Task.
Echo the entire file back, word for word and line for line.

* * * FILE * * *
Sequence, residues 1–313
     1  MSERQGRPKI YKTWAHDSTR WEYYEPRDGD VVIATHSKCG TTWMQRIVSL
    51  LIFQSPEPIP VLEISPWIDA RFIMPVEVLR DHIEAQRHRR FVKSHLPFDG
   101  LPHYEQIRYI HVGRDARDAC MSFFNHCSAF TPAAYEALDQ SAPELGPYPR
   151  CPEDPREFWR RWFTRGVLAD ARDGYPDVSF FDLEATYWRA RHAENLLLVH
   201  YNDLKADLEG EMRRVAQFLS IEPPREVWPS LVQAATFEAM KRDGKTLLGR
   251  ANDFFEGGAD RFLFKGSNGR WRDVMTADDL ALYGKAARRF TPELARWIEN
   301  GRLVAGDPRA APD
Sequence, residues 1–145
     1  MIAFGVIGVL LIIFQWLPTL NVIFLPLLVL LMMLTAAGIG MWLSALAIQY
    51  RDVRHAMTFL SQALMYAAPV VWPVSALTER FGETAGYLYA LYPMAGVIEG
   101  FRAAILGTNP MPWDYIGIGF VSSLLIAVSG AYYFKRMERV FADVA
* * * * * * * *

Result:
Sequence, residues 1–313
     1  MSERQGRPKI YKTWAHDSTR WEYYEPRDGD VVIATHSKCG TTWMQRIVSL
    51  LIFQSPEPIP VLEISPWIDA RFIMPVEVLR DHIEAQRHRR FVKSHLPFDG
   101  LPHYEQIRYI HVGRDARDAC MSFFNHCSAF TPAAYEALDQ SAPELGPYPR
   151  CPEDPREFWR RWFTRGVLAD ARDGYPDVSF FDLEATYWRA RHAENLLLVH
   201  YNDLKADLEG EMRRVAQFLS IEPPREVWPS LVQAATFEAM KRDGKTLLGR
   251  ANDFFEGGAD RFLFKGSNGR WRDVMTADDL ALYGKAARRF TPELARWIEN
   301  GRLVAGDPRA APD
Sequence, residues 1–145
     1  MIAFGVIGVL LIIFQWLPTL NVIFLPLLVL LMMLTAAGIG MWLSALAIQY
    51  RDVRHAMTFL SQALMYAAPV VWPVSALTER FGETAGYLYA LYPMAGVIEG
   101  FRAAILGTNP MPWDYIGIGF VSSLLIAVSG AYYFKRMERV FADVA